Lady Keith's Lament
I may sit in my wee old house at the spinning wheel to toil so dreary
I may think on a day that is gone, and sigh and sob till I grow weary
I ne'er could brook, I ne'er could brook a for-eign king to own or flat-ter
And I will sing a ranting song the day our King comes o'er the water
I have seen the good old day, the day of pride and chieftain's glory
When royal Stuart held the sway and none heard tell of Whig or Tory
Though silver be my hair one day, and age has struck me down, what matter
I'll dance and sing that happy day, the day our King comes o'er the water
If I live to see the day that I have begged and begged from heaven
I'll fling my rock and reel away, and dance and sing from morn till evening
For there is One I will not name who comes the beingin bike to scatter
And I'll put on my bridal gown the day our King comes o'er the water
A curse on dull and drawling Whig, the whining, ranting, low deceiver
With heart so black and lies so big, the canting tongue of clishmaclaver
My father was a good lord's son, my mother was an earl's daughter
And I'll be Lady Keith again, the day our King comes o'er the water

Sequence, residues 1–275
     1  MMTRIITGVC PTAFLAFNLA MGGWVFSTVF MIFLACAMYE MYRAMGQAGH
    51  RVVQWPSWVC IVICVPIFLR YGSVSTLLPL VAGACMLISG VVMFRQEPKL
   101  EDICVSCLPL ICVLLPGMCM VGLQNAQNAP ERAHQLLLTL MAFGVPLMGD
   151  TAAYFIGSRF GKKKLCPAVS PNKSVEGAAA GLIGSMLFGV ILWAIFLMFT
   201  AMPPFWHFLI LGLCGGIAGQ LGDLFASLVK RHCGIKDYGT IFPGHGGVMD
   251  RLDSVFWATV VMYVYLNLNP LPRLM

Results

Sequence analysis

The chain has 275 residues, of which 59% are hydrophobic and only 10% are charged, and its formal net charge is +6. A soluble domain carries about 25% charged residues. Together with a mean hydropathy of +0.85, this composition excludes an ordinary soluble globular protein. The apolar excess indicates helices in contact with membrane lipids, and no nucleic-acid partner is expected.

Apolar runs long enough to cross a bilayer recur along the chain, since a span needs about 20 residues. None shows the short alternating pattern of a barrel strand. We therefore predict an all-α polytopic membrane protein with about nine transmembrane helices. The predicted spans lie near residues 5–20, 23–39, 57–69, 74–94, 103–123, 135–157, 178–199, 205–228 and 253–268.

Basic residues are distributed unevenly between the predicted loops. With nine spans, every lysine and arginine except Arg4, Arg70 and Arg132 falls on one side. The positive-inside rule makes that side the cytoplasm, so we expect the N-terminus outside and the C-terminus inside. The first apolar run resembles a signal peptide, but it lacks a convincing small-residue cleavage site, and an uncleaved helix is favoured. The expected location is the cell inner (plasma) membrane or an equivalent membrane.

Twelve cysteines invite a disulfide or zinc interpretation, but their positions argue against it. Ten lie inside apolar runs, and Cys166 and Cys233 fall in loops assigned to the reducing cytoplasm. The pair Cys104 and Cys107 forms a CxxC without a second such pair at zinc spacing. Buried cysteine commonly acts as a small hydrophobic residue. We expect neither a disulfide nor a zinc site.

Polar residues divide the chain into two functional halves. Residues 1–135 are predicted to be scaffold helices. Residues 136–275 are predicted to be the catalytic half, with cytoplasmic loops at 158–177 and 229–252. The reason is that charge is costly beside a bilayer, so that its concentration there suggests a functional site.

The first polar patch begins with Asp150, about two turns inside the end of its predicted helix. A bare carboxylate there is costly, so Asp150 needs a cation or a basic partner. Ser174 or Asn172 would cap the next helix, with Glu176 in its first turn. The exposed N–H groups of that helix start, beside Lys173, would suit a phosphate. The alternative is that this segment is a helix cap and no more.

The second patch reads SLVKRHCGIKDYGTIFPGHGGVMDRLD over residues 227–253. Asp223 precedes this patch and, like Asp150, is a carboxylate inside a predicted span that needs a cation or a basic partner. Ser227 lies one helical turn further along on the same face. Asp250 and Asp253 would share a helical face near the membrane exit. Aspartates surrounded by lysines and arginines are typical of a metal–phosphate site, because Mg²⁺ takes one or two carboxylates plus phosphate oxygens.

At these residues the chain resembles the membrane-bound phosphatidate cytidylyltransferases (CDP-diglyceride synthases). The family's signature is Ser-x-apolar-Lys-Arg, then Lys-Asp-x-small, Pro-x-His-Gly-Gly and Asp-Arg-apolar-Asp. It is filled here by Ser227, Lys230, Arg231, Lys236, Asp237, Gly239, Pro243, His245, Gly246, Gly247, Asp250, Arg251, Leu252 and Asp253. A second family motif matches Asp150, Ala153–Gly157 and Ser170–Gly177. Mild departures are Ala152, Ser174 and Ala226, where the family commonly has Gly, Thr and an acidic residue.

From the CD, If Ever I Return, by Connie Dover © Taylor Park Music/Connie Dover
"Lady Keith's Lament" was published in 1819 in James Hogg's collection, The Jacobite Relics of Scotland, being the Songs, Airs and Legends of the House of Stuart, and appeared under the title "When the King Comes O'er the Water."
The Jacobites were partisans of Scotland's ruling family, the Stuarts, who, by 1603 sat on both the English and Scottish thrones, and who were ultimately deposed. This song was either composed by or written in behalf of the daughter of the Earl of Perth, whose maiden name was Lady Mary Drummond, and who was strongly attached to the Stuart clan. That she looks for her king's return and her country's salvation with the eager anticipation of a bride awaiting her groom is typical of the romantic view many Scots held of the exiled Stuart kings.
Clishmaclaver: Idle Gossip
Beingin bike: Refers to the growth of the Whig (short for Whiggamore) party, which advocated English Commonwealth rule in Scotland.